Wireless Helmet Speakers Receive A+ For Distracting Wearer

What could be better than cruising around town on your fave scooter? Cruising around town on your fave scooter listening to some cool tunes, of course! [sswanton] was enrolled in an Industrial Design course and was tasked with creating a wireless radio project for a specific user (of his choice). He decided to add some wireless speakers to a motorcycle helmet and design a handlebar-mounted radio.

Helmet Radio[sswanton] started out by disassembling the ultra-inexpensive, old-school, battery-powered Sony ICF-S22 radio specified by the class. The stock case was discarded as he would have to make a new one that fits onto the bike’s handlebars. Plywood makes up majority of the frame while the cover is black acrylic. Getting the acrylic bent required heating to 160 degrees so that it could be bent around a form [sswanton] created specifically for this project. A few cutouts in the case allows the rider to access the volume and tuning knobs.

The speakers added to the helmet were from wireless headphones and came with a matched transmitter. The transmitter was removed from it’s unnecessarily large case, installed in the radio’s newly created enclosure and connected to the radio’s headphone output. Situating the headphone components in the ideal locations of the helmet required that the headphones be disassembled. The speakers were placed in the helmets ear cups. Part of the original headphone case and some control buttons were mounted on the outside of the helmet for easy access. The wires connecting the components had to be extended to reconnect the now spread-out parts.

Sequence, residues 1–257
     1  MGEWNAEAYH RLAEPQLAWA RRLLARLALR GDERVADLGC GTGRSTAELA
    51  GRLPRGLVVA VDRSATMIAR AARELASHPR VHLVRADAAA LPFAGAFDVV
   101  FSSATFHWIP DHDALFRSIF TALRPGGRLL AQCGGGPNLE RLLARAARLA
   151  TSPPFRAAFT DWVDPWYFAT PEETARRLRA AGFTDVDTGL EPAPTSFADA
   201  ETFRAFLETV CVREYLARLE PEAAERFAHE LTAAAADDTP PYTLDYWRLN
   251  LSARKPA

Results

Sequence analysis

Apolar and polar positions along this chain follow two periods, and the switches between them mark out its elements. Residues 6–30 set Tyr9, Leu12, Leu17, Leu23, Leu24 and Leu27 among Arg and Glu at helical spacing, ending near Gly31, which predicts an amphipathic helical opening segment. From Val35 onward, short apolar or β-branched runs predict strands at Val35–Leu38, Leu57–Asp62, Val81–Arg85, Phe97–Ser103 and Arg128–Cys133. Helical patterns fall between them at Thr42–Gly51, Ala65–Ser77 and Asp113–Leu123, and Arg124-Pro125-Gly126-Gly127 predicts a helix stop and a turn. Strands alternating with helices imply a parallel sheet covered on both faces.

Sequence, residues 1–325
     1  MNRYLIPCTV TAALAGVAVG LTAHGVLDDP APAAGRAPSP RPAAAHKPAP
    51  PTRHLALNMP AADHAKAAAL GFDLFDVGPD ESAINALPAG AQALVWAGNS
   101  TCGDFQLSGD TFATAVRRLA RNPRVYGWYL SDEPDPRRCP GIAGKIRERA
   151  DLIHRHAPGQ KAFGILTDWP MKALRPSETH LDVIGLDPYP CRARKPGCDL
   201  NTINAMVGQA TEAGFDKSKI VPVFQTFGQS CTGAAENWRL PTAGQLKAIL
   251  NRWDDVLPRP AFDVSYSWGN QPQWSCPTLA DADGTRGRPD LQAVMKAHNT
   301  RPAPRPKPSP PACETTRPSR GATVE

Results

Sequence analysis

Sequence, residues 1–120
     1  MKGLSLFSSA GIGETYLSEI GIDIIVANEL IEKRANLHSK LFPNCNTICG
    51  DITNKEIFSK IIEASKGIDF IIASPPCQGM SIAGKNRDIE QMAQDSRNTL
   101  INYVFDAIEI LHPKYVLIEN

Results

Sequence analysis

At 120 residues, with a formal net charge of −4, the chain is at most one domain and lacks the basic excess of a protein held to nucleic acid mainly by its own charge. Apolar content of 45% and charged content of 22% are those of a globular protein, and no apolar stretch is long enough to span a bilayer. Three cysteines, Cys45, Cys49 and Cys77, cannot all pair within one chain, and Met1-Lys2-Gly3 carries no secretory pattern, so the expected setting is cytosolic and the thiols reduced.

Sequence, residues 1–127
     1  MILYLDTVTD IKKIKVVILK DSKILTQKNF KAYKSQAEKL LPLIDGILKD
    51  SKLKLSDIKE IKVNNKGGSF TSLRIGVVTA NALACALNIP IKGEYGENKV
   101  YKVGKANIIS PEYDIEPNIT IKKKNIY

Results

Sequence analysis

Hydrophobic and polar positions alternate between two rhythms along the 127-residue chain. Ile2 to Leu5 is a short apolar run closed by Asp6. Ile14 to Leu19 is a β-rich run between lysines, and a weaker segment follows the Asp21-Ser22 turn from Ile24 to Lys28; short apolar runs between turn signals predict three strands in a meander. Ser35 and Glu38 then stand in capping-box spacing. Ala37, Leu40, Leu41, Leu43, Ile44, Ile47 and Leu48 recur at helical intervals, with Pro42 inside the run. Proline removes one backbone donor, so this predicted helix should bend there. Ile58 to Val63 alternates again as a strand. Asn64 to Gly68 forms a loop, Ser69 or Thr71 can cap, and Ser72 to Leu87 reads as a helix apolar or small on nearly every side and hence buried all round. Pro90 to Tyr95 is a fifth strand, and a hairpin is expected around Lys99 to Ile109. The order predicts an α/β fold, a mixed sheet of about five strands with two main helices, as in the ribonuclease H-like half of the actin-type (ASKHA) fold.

In order to hear that sweet music all the rider needs to do is turn on the headphones and radio. Check this out to see some more helmet speakers, this time a little more wacky.

Hackaday Links: December 22, 2013


[Korben] is using a picture frame as a Bluetooth speaker (translated). He hacked a Rock’R² for this project. It’s a device that has a vibrating element which can be used to make any hollow item into a speaker.

Entertain yourself over the holidays by mastering the Apollo Guidance Computer simulator. It’s a JavaScript version of the computer used in the modules of the Apollo moon missions.  [Thanks Gregory and Paul]

Here’s a little mirror attachment that lets you use your laptop as an overhead projector. [Ian] calls it the ClipDraw. Affix it to the webcam and use the keyboard as the drawing surface. Since it’s simply using the camera this works for both live presentations and video conferencing. What we can’t figure out is why the image doesn’t end up backward?

This guide will let you turn a Carambola board into an AirPlay speaker.

Those who suck at remembering the rules for a game of pool will enjoy this offering. It’s some add-on hardware that uses a color sensor to detect when a ball is pocketed. The Raspberry Pi based system automatically scores each game.

We spend waaaay too much time sitting at the computer. If we had a treadmill perhaps we’d try building [Kirk’s] treadmill desk attachment. It’s made out of PVC and uses some altered reduction fittings to make the height adjustable. It looks like you lose a little bit of space at the front of the belt, but if you’re just using it at a walking pace that shouldn’t matter too much.

You can have your own pair of smart tweezers for just a few clams. [Tyler] added copper tape to some anti-static tweezers. The copper pads have wires soldered to them which terminate on the other end with some alligator clips. Clip them to your multimeter and you’ve got your own e-tweezers.